Exploring Tidal Power in the San Francisco Bay
In a 2006 study, the Electric Power Research Institute (EPRI) identified San Francisco Bay as a potential resource for electricity generation using tidal power technology. Pacific Gas and Electric Company (PG&E), the City and County of San Francisco (CCSF) and the Golden Gate Energy Company signed a statement of collaboration in June 2007 to conduct the most comprehensive study yet undertaken to assess the possibilities for harnessing the tides in San Francisco Bay to create a new source of zero-emissions, renewable electric power.
This multifaceted study will include thorough analyses of:
- the Bay's energy potential
- existing and emerging technologies to capture energy from tidal flows
- possible environmental effects
- economic feasibility and other costs and benefits of tapping this new energy supply
Tidal-power technologies are in their infancy. No commercially viable tidal-power generation operates in the United States currently. But ongoing efforts to increase California's renewable power supplies and address climate change require investigation into untapped, environmentally friendly energy sources, even if the potential benefit is not yet known.
The study draws on the combined resources and expertise of PG&E, CCSF and Golden Gate Energy. PG&E has committed up to $1.5 million and CCSF has committed up to another $346,000 to fund feasibility studies and stakeholder outreach. Golden Gate Energy holds federal regulatory permits necessary to study the San Francisco Bay and supports the study.
Benefits of tidal power are:
- aesthetically unintrusive (underwater)
- no waste of land
If findings are positive a full-fledged project could be launched. The project would require regulatory approval (including public participation). It is estimated that project operation would be 3 - 5 years out.
Measuring the Bay's Tidal Energy
There are several computer models that are frequently used to estimate the tidal flow at any location in the Bay. Using one of these models, "desktop" studies of the tidal velocity and energy content at a more detailed level than the EPRI study showed the tidal currents contain less extractable energy than expected.
Water moves faster at the surface of the Bay than at greater depth. Most of the fast-moving water is in shipping lanes. There are few areas deep enough for tidal turbines to be installed below the draft of the largest ships (where the tidal flow is strong enough to generate a significant amount of electricity). Although there are some areas outside the shipping lanes with strong tidal currents, the flow at those locations is often too turbulent to be useful.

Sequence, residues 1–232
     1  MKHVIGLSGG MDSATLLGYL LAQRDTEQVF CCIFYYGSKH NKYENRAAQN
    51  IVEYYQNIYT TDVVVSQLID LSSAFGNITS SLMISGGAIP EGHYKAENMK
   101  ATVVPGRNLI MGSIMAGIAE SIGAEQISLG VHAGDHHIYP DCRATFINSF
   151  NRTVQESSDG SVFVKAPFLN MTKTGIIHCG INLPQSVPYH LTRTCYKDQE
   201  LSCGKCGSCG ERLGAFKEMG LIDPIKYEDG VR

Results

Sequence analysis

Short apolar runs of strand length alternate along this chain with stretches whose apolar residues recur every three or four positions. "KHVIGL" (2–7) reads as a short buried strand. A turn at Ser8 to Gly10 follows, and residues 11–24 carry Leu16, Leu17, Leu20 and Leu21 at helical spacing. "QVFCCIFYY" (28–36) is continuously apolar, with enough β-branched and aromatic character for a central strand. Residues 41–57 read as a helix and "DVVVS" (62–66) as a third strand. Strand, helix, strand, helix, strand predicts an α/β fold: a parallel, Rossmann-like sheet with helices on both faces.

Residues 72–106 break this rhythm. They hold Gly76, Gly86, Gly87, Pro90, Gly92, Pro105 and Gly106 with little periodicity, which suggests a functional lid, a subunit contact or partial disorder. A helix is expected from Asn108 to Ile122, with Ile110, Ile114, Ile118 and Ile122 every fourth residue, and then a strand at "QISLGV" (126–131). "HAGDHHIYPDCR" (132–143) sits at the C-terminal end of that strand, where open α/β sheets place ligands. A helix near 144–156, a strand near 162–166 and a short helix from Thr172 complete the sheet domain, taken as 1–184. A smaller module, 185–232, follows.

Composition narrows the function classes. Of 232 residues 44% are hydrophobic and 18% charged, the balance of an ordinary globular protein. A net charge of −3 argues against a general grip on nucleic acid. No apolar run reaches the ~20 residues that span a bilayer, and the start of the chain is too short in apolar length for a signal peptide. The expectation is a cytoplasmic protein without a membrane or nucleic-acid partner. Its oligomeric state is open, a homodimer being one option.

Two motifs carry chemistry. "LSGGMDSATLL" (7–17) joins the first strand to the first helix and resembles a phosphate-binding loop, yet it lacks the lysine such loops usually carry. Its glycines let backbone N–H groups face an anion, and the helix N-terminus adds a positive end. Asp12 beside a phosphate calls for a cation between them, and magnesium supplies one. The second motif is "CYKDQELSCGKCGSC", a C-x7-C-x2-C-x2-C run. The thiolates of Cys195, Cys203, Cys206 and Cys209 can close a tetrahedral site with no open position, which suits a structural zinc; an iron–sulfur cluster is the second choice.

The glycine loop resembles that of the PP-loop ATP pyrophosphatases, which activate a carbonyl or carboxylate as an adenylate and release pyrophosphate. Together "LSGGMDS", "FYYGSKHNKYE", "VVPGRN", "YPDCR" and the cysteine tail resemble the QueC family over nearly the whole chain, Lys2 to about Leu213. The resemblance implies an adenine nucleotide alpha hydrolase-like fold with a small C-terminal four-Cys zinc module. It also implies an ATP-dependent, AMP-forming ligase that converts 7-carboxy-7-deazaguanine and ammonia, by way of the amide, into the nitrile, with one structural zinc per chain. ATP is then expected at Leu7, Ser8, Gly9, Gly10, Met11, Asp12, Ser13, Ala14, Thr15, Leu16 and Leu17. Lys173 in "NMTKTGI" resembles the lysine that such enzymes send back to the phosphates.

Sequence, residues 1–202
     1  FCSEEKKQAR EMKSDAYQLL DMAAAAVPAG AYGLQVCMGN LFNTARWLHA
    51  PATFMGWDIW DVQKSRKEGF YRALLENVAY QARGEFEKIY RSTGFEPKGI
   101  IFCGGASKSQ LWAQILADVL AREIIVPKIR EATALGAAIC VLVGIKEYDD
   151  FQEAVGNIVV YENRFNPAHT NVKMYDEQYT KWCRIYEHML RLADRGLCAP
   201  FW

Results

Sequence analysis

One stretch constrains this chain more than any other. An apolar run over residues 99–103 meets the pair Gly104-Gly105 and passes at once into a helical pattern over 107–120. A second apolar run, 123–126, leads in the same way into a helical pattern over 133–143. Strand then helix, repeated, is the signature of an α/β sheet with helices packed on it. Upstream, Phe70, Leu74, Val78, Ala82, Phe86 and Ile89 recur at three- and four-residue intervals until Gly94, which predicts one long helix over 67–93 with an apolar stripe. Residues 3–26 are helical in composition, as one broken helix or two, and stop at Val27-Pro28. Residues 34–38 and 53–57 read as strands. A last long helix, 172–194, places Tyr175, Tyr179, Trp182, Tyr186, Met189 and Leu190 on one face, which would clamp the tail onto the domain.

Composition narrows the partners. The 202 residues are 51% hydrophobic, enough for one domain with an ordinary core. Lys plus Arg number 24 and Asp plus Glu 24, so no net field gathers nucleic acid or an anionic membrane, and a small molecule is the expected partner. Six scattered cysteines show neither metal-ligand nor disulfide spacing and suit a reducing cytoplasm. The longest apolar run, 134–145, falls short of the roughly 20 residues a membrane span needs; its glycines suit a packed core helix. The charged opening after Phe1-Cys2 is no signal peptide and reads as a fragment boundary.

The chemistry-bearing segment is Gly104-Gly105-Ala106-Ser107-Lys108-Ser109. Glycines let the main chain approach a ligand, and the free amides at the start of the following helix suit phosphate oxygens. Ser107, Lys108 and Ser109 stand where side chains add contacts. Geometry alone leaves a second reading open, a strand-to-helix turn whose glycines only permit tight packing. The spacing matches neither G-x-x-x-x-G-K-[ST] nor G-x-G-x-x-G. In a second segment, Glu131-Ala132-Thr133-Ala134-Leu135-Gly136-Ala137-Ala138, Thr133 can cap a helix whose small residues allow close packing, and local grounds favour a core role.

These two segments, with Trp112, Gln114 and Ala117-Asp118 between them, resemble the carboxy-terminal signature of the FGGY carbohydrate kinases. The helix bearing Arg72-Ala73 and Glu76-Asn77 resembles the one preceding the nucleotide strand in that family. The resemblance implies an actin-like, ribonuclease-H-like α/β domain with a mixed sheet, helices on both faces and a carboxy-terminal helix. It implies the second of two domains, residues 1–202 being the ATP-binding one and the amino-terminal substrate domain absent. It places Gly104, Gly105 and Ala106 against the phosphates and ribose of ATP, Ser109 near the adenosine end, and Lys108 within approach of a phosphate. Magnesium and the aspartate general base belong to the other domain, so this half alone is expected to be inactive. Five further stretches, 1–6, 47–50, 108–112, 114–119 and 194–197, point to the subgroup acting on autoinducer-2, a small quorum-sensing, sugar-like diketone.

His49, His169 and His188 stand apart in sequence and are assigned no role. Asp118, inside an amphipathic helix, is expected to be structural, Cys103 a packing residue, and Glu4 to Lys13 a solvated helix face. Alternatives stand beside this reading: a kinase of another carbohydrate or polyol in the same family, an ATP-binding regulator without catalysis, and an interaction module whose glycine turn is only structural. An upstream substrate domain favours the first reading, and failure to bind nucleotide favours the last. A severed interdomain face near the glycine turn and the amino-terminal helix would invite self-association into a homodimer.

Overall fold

However, one area has been identified as a possible location for installation of tidal-generation equipment. New data on the speed and direction of the tidal flow in that area will be gathered to confirm the estimated amount of energy available in that area. This data will be used to validate and adjust the computer model. The model will then be run at a higher resolution to identify specific locations where the conditions are most likely to generate electricity. The measurement activities are scheduled for December 2007.
Two types of measurements will be collected:
- Stationary Acoustic Doppler Current Profile (ADCP) instruments will be placed on the seabed for one full tidal cycle (about a month).
- Boat-mounted ADCP instruments will obtain a "snapshot" profile of tidal current velocities in a wider area around the selected site for two days.
The two bottom-mounted ADCPs will be deployed in 60 meters and 40 meters of water. These ADCPs will be mounted inside of a buoy designed to keep the ADCP oriented upwards into the prevailing current. The bouy is streamlined to ensure no pitch and roll affects. These buoys have been used in currents over 5 knots with very high data quality.
The internal ADCP compass determines the absolute current direction during rotation. The bottom of the buoy is attached via a swivel shackle to an acoustic release which is attached to an anchor. The system holds the buoy firmly in place while keeping the ADCP off of the bottom but within ~ 1.5 meters of the bottom. This system will negate the effects of rock outcroppings and large, moving features (e.g. sand waves) on the ADCP operation and retrieval.
What is ADCP?
ADCP instruments are used extensively by research organizations and agencies that ensure navigational safety, and have previously been used in San Francisco Bay. ADCP instruments measure the speed of the water by emitting high-frequency sound waves and analyzing the sound reflected off particles in the water. The sound waves used are so highly pitched that humans and dolphins cannot hear them.
The instruments measure water speed at several different distances at the same time. ADCP range is up to 1000 meters (about 10 football fields), though accuracy decreases with distance. Instruments can be bottom-mounted or boat-mounted. Analysis of data from boat-mounted instruments is complicated because the calculations must account for the movement of the boat.
Further information on ADCP is available from the Woods Hole Oceanographic Institute.